Whether you love him or hate him, know that Donald Trump is president because he has an instinctive feel for what messages are likely to move people at a given time.
He was an early adherent to the “birther” movement that tried to convince Americans that Barack Obama was born in Kenya. It wasn’t true, of course, but Trump had a feel for the emotional state of a lot of Republicans and conservative-leaning independents in the rural South and Midwest who felt disaffected by the country’s first African-American president and were doing whatever they could to delegitimize him.
Candidate Trump lent his voice to the anti-Washington forces sweeping the country, which enabled him to run successfully as a populist with little ideological baggage other than his assurances that he was the only answer America needed.
The fallout from the Me Too movement that has swept America following Trump’s election and the numerous scandals that started with Hollywood big-shot Harvey Weinstein and continue today with powerful male leaders losing their jobs and reputations over sexual harassment in the workplace have created opportunities for new candidates — especially women — across the country.
Last March, I was scrolling though my Facebook feed when I ran into a potent advertisement from Amy McGrath, a a retired Marine Corps combat pilot, who was running as a Democrat for the US House of Representatives in deeply conservative Kentucky. She was running onperfect for a time when Americans are angry and frustrated by the workings of the mostly male (and mostly Republican) Congress. Her message resonated with others who feel left out and bullied by their elected leaders. She ran a competitive race for Congress, losing narrowly to an incumbent Republican in a conservative district.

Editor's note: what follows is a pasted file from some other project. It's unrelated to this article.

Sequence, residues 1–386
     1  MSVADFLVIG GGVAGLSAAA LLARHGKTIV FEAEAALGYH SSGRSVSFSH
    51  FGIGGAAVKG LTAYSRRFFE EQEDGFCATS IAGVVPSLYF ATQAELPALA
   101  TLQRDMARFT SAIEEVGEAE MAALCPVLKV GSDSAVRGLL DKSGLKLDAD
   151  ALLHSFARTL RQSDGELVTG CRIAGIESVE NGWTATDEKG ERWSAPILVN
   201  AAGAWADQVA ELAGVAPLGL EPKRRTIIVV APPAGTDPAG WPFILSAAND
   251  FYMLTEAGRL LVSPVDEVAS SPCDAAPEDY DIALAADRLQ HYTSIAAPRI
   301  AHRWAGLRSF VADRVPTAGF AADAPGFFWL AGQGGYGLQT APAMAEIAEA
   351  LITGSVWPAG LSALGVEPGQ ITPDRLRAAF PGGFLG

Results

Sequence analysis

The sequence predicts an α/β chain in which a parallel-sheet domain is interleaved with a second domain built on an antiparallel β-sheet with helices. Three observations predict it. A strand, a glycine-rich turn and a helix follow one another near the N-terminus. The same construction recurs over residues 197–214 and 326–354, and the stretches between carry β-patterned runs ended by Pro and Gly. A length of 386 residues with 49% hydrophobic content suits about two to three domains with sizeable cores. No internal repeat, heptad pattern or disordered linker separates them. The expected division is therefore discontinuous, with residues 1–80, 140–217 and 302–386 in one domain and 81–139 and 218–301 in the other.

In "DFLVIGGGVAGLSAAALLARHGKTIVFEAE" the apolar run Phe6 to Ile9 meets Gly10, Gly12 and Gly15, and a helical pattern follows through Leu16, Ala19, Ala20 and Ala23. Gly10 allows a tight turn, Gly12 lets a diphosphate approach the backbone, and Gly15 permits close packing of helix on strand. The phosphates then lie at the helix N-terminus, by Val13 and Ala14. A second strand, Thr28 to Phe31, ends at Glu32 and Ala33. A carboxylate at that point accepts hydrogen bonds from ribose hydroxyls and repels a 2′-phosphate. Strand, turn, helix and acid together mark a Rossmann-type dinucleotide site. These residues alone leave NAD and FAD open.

The ad came at the right time — in the midst of the sexual harassment scandals and at the beginning of a movement by women nationwide to run for public office as a result, in part, of those scandals.. Pretty powerful, right? It certainly caught my eye and I immediately sent Amy McGrath’s campaign a little money in support — even though I live in Massachusetts.
Bottom line: understand the mega-trends that are at work where you live and work and find ways to connect your business or organization’s message to them.
— BOB UNGER